advice from people with experience towing 30' boat - SailNet Community

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Old 09-01-2007
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advice from people with experience towing 30' boat

I may not be able to store my sailboat ( 30' LOA, 10' beam, 4'9" draft 8600lbs Disp) at the yard this winter, as room is tight, and based on senority.

I have a couple of choice:
1. Buy a well used (cheaper) tandem flatbed trailer and mount my existing cradle on it for a short tow (approx 10km) to a friends vacant lot for the winter. Still need to tarp boat, etc.

2. Buy a better, road worthy tandem flatbed (with new tires, bearings, electric brakes, etc), mount / weld existing cradle (and put in a couple of extra supports from the trailer to hull) and tow the boat about 3 - 4 hours on excellent divided highway, and then 1 hour on a hilly, twisty country road, to get to free indoor storage at a friend's large garage with a woodstove - I will be living only an hour away, so I could work on the boat this fall / winter.

My main concern around towing the longer distance is that the boat / cradle on a flatbed trailer would mean that the weight is probably a foot higher, than if a custom trailer was made with drop axles, etc.
I am looking to hear from anyone who has experience towing larger boats (30'range) on a cradle.. . Was the towing noticable tippy, bad, etc.
I have towed a 23' keelboat, weighing 2800 lbs, with a similar arrangement, and it towed fine.
I would probabvly use a 3/4 ton Chevy 2500 HD (tow capacity 10,600lbs)

I would consider paying a professional boat hauler, but I am not aware of any within a 4 hour drive, that can set a boat on stands from their trailer - I believe all the local ones require cranes, which can't get the boat inside a garage.
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Old 09-01-2007
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I had a sailboat shipped last year. Weight was not the issue. Height was the problem. First carrier used a "low boy" trailer and could not get my boat under the bridges. They even removed the bow spirit. They ended up bringing it back to the yard. I ended up hiring another carrier with a drop trailer. Even with that it still was a matter of inches on some bridges.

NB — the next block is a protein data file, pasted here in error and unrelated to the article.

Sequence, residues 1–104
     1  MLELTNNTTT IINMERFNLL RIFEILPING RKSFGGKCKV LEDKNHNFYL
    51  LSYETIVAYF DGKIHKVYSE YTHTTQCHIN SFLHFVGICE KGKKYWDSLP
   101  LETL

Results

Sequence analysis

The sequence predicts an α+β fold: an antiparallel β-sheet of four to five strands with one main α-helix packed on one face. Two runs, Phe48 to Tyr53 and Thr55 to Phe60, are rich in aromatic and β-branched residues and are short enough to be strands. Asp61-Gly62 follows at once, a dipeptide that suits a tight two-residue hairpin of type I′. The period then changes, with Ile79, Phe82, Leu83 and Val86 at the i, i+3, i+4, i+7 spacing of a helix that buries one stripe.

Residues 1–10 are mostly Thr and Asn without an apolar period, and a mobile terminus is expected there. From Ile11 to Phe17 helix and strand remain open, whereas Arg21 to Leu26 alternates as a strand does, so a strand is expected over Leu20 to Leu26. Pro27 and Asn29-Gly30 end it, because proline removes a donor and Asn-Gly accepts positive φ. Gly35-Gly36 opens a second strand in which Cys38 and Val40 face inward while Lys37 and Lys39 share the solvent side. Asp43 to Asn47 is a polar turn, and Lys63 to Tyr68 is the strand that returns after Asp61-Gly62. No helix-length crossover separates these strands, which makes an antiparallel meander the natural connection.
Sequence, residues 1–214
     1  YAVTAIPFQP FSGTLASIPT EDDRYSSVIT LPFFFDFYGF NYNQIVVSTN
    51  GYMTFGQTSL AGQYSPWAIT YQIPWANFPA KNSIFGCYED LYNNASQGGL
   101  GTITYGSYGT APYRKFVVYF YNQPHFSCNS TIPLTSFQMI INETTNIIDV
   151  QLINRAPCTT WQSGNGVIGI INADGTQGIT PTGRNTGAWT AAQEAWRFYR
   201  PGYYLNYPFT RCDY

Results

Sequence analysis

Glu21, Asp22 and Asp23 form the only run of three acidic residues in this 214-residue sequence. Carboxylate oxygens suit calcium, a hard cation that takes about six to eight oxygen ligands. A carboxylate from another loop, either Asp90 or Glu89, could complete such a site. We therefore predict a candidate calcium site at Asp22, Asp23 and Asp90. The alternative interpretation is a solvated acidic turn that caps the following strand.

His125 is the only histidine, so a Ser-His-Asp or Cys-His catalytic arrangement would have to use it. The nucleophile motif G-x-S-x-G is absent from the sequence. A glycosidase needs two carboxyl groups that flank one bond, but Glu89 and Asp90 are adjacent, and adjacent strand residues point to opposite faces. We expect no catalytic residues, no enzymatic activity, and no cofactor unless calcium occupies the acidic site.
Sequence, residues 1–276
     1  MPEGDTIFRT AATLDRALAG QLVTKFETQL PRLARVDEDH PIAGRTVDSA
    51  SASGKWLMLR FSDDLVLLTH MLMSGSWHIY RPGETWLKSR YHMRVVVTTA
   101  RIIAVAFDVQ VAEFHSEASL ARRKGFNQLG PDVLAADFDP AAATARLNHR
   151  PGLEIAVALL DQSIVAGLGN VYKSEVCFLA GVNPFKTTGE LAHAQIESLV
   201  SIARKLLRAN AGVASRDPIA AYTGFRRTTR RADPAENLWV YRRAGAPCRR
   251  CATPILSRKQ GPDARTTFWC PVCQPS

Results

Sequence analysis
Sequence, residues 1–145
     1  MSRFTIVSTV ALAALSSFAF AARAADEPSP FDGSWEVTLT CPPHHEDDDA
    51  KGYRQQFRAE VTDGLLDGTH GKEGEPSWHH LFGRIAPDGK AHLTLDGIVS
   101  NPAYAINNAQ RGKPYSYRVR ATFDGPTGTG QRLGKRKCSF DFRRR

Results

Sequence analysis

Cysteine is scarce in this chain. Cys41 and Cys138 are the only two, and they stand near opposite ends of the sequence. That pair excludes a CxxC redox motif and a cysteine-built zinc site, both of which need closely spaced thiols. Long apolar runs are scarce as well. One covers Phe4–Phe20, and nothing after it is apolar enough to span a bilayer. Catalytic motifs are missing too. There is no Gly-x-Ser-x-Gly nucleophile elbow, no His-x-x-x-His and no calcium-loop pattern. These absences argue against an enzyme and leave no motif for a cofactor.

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Old 09-01-2007
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Freesail - How big - what type of boat was that?
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As Freesail has pointed out, height is going to be a problem. Most highways will have a clearance of 14' or so, but anything higher is going to be a problem.

What boat are you trying to move. I think going with the second solution is probably better, but it will be more expensive. However, I don't think it is all that feasible, given the height problems.

Given a draft of five feet, I would guess that the boat's height is going to be at least 10' from the top of the pulpit railings to the bottom of the keel. Add another two feet for the cradle and then another foot for the trailer and you're up to 15'. That will probably be a problem. Although you can probably clear many highway overpasses, local ones will probably be lower.

Try giving Brownell Systems a call. They may be able to move the boat using a large hydraulic lift trailer, which would allow them to lower the boat onto blocks and stands without the need for a crane. They're located in Mattapoisett massachusetts.
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Check the route your planning on taking to your friends place. You may get lucky. Be very sure. If there are no overpasses the trailer idea may end up being cheap storage for the winter.